The American Journal of Psychoanalysis

, Volume 76, Issue 1, pp 1–17


  • Axel Hoffer
  • Dan H Buie

DOI: 10.1057/ajp.2015.56

Cite this article as:
Hoffer, A. & Buie, D. Am J Psychoanal (2016) 76: 1. doi:10.1057/ajp.2015.56


In our view helplessness is a primal, often intolerable feeling. It underlies and intensifies other feelings that are also hard to bear. Both analyst and patients face helplessness, and both resort to defenses, often intensely, in order to avoid it. The intensity of this battle can merit calling it a war. The analyst’s war is conducted using distancing, anger, blaming and disparaging as well as by intellectualizing the patient’s struggles. Patients then find themselves abandoned and helplessly alone. We analysts, of course, want not to fall into the trap of war, and we try to free ourselves from waging it. A major way we accomplish this is through continuously working, often with the help of analysis and self-analysis, to increase our capacity to maintain our emotional stability in the face of these intensities. We learn to find new forms of awareness, beyond words and ideas. It requires a new understanding of what is threatening to us, which fosters a deeper capacity to empathize with the patient. This helps us to find the psychic, physical and emotional space within ourselves in which to hold our helplessness and other profound affective experiences. In this way we become an increasingly steady resource for our patients as well as for ourselves.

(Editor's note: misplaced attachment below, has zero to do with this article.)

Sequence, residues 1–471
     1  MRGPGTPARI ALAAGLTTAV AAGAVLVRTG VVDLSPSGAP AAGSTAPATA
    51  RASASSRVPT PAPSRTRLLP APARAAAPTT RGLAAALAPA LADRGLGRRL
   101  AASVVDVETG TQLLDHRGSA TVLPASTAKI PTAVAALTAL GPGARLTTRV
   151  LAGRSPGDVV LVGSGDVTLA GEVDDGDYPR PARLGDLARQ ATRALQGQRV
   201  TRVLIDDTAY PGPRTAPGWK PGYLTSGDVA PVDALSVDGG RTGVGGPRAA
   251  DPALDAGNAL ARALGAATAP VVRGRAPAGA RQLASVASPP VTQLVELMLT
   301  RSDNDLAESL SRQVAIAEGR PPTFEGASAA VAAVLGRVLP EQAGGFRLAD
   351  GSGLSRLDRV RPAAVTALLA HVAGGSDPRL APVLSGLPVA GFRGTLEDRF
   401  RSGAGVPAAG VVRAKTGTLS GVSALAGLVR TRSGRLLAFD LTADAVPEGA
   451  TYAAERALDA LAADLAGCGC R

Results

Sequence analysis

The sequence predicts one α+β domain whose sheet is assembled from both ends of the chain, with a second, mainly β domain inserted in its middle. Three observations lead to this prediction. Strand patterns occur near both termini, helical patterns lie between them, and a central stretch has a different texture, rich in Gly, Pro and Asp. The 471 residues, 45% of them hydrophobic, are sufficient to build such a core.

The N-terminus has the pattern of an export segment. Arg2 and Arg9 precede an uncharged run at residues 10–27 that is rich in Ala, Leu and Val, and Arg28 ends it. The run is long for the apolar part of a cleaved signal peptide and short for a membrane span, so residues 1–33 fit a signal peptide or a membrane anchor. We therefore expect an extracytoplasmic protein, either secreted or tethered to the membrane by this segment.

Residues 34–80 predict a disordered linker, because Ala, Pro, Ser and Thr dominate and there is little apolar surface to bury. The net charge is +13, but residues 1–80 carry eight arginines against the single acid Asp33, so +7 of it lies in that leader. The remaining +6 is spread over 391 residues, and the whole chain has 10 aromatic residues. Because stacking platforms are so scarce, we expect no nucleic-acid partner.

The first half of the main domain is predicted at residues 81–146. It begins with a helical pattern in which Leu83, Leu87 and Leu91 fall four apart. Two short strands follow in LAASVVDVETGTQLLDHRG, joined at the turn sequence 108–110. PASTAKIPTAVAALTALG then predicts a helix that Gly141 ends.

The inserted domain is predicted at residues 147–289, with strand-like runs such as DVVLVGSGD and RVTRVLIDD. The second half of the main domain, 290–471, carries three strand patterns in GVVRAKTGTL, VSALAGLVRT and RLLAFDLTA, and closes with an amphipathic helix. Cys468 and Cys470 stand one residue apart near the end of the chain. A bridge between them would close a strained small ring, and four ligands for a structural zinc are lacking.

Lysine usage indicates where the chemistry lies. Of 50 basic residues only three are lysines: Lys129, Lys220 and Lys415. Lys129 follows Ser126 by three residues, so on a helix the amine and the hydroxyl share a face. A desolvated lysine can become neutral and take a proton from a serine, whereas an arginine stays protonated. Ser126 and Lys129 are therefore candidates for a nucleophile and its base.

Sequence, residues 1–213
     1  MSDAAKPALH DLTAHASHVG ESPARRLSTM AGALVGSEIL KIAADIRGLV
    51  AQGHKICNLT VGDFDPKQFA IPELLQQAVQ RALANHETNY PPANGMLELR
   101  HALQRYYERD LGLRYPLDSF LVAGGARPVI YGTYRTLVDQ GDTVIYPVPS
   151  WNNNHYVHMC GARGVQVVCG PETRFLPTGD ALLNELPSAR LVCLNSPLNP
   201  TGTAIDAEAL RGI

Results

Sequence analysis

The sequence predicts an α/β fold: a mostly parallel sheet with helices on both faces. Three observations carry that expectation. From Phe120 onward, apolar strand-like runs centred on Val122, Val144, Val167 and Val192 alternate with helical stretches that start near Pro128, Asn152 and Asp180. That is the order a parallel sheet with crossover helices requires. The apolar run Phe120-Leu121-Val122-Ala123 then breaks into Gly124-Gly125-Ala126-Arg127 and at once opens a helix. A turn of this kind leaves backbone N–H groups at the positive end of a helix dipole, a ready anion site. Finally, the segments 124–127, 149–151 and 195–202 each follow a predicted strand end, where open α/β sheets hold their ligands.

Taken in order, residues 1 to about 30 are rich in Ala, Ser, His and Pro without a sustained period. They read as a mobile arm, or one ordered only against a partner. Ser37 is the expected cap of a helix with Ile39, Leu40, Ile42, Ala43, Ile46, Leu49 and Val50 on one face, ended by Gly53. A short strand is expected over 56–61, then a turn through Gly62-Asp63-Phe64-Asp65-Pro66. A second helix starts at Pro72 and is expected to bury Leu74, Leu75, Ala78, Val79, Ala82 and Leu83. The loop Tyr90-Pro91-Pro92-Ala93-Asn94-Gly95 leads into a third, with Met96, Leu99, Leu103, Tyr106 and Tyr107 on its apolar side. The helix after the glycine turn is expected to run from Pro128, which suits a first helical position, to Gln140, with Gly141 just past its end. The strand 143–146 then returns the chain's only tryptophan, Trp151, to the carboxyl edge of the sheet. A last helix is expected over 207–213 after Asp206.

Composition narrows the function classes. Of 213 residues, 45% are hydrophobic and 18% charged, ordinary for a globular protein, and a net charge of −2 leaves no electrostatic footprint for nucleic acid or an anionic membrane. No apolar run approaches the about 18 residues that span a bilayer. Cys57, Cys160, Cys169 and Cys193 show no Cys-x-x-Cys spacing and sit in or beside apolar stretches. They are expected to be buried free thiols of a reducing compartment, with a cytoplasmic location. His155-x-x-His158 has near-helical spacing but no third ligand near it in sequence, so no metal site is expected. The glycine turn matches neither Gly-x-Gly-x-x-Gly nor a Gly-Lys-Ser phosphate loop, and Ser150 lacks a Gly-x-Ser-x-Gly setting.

helplessness in the analyst analyst’s defenses against helplessness helplessness in patients vulnerability countertransference 

Copyright information

© Association for the Advancement of Psychoanalysis 2016

Authors and Affiliations

  • Axel Hoffer
    • 1
  • Dan H Buie
  1. 1.Brookline

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